Some impulse caused him to turn his head one last time. The sunlight that surrounded the men flickered like a candle in the wind, and the air was filled with a loud buzzing sound. Although still posed in identical postures of death, three different men now stared sightless.

Their skin was darker than the leather tanned sailors. Each wore a short linen kilt of some kind that left their upper bodies naked. As strange as the men appeared, their weapons were what drew René’s eye. The swords were archaic; sickle shaped and appeared to be forged of bronze. These men wore different faces and yet their eyes—somehow he knew they were the same sailors he had just killed. René blinked and there before him the original three men lay unmoved. Dead.

For an instant his mind balked, darkness encircled the edges of his vision.

Do not anticipate meaning. The Maestro’s voice echoed in his head. Meaning may be ignored, but it cannot be hurried.

The darkness receded, and he reined the stallion’s head toward home.

René approached the linden shaded lane to the château. The stately trees, their clasped hands steepled over the gravel drive, had always welcomed him. Now they were just a faded backdrop that moved past the corners of his eyes. Could it have been only hours ago that the anniversary of his sixteenth year had presented itself like a gaily wrapped gift waiting for his excited appreciation? The day had dawned as grand as any he had yet experienced, and he had awakened early, eager for the morning’s light.

“Henri,” he yelled, as he charged down the marble staircase and into the dining room. Breakfast was set and steaming on the polished mahogany table. Burnished silver platters and cream colored porcelain bowls held a variety of eggs, sausages, fruits, and breads. How Henri always seemed to anticipate his entry amazed René.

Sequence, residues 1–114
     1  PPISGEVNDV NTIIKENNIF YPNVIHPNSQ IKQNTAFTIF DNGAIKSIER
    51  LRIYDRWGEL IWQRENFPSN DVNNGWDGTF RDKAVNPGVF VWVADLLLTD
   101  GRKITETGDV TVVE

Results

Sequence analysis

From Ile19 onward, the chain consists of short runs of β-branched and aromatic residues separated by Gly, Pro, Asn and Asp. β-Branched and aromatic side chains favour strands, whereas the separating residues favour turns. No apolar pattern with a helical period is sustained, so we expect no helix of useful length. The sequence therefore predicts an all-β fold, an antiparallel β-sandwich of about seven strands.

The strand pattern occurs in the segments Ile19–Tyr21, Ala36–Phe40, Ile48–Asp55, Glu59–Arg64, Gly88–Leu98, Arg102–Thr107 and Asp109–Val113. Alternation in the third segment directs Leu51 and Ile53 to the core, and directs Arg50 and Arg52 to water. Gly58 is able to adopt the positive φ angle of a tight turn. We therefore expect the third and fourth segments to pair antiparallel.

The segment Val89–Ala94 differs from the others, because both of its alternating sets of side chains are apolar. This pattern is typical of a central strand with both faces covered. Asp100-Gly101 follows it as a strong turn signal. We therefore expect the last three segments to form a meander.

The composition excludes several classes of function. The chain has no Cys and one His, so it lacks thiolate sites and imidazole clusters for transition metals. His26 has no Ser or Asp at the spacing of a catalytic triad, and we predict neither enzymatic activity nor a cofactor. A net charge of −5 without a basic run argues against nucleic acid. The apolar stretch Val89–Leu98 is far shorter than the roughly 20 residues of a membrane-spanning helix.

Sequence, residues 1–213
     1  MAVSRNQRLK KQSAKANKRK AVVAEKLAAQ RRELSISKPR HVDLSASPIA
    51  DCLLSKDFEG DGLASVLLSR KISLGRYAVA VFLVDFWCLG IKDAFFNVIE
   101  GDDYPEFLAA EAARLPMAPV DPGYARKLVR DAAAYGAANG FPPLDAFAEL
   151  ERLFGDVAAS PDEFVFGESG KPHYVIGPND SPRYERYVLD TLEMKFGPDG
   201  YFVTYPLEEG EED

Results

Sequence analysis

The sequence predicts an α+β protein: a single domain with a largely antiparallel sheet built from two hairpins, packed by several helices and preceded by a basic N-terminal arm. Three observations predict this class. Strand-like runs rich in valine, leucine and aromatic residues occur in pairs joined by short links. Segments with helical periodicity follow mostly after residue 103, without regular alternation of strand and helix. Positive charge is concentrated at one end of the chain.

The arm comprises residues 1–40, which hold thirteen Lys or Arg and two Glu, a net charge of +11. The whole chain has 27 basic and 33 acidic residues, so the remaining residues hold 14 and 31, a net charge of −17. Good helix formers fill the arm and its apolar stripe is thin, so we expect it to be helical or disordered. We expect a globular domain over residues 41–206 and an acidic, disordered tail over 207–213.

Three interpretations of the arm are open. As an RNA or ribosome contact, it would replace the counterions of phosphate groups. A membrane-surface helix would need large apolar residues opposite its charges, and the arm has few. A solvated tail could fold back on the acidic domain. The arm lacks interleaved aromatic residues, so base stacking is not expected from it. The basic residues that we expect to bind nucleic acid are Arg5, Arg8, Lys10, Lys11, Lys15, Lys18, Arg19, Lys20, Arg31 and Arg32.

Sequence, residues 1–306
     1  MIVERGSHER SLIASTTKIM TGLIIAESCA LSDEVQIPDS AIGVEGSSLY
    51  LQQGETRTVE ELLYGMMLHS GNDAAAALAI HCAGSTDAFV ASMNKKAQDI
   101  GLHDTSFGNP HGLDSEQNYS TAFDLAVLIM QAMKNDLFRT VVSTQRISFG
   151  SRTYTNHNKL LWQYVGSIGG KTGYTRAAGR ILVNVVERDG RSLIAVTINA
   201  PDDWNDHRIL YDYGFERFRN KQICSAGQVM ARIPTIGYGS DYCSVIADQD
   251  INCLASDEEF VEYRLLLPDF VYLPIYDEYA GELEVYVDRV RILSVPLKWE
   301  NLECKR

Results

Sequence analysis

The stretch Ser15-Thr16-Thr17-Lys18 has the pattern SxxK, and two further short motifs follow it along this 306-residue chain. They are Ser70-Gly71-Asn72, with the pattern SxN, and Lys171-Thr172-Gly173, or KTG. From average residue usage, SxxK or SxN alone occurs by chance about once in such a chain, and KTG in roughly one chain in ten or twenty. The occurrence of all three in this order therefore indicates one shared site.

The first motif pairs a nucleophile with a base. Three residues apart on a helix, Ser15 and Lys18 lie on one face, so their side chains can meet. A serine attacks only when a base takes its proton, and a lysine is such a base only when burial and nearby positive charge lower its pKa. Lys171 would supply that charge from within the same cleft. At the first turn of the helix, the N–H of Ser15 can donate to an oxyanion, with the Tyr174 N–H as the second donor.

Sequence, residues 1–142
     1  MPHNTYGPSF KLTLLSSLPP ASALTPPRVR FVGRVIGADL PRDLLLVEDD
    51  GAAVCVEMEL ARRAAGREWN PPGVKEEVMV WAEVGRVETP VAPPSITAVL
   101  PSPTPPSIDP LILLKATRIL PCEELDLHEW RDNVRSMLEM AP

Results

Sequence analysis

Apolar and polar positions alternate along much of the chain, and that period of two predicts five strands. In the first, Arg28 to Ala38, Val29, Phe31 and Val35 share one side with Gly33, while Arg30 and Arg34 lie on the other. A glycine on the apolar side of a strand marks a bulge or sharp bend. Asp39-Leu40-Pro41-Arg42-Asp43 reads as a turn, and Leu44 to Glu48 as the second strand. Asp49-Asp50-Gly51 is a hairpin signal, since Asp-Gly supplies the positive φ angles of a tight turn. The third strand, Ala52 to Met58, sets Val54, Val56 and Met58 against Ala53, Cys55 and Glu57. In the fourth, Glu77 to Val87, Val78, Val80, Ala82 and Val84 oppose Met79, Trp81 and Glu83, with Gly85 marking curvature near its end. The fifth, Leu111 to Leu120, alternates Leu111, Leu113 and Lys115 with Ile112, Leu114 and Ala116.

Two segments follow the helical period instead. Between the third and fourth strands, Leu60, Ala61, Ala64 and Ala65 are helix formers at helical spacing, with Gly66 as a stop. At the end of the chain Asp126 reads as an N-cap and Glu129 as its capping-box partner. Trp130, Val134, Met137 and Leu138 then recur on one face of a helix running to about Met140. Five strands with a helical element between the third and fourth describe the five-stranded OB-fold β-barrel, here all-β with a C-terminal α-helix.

Oui, Master René.” Serene as always, the middle-aged major domo entered the dining room. Henri walked over to the table and poured a cup of tea for René. “ S’il vous plaît, be seated, sir.”

“I cannot. Maybe a roll and a link of sausage. Henri, do you know what today is?”

Henri paused as if deep in thought. “Thursday. Oui, I am quite sure ’tis Thursday.”

René took a still sizzling sausage from a tray and did his best to fold it within a baguette.

Non, ’tis my birth date,” he managed around a mouthful of sausage and roll.

“Which one is that, sir?”

“How do you not know? You were there.”

“Well, I remember ’twas after the end of the war. Let me see. The war was over in…”

“Very droll, Henri. Your memory works fine, ’tis your humor that leaves room for improvement. Today is… so… I cannot explain, it feels like anything is possible today.”

“Given that there is still plenty of day left, perhaps you might sit down and eat. I expect you will need all your strength for a day so filled with possibility.”

“I cannot be late.” René gulped his tea and shoved the rest of the roll and sausage into his mouth.

“Happy anniversary, Master René.”

Merci, Henri.” René checked his appearance in one of the grand foyer mirrors, and then strode toward the courtyard. The time had come to present himself to the Maestro.

René vibrated with excitement. He paused just inside the entrance to the training area. This was no way to face the Maestro. He sucked in a deep breath, exhaled, and reached for that quiet center. The torrent of chaotic thought stilled and that unique calm of intense focus settled around him. His friends Marc and Anatole sported their weapons in public. René had yet to earn that privilege. Disarming the Maestro was the only way, and since that possibility seemed as remote as the ability to fly, it generated a great deal of frustration.

Today, however, might be the day.

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Award winning, international playwright Elliott B. Baker grew up in Jacksonville, Florida. With four musicals and one play published and done throughout the United States, New Zealand, Portugal, England, and Canada, Elliott is pleased to offer his first novel, Return, book one of The Sun God’s Heir trilogy.

A member of the Authors Guild and the Dramatists Guild, Elliott lives in New Hampshire with his beautiful wife Sally Ann.

Learn more about Elliot Baker on his website. Stay connected on Twitter and Facebook. Like Elliott’s Author Page on Facebook to learn all his latest news.